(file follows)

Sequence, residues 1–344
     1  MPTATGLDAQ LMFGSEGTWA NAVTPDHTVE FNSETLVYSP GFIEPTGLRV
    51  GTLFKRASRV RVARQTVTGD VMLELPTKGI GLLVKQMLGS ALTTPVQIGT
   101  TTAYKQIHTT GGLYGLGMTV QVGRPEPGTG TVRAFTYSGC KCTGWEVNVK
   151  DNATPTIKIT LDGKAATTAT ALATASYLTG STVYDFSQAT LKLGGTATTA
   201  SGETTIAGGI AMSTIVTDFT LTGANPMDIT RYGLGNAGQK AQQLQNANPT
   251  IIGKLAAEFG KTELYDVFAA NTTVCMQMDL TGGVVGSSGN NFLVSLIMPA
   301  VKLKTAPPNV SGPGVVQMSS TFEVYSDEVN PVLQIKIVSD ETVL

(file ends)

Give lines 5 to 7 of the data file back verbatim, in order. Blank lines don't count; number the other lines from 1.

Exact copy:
   151  DNATPTIKIT LDGKAATTAT ALATASYLTG STVYDFSQAT LKLGGTATTA
   201  SGETTIAGGI AMSTIVTDFT LTGANPMDIT RYGLGNAGQK AQQLQNANPT
   251  IIGKLAAEFG KTELYDVFAA NTTVCMQMDL TGGVVGSSGN NFLVSLIMPA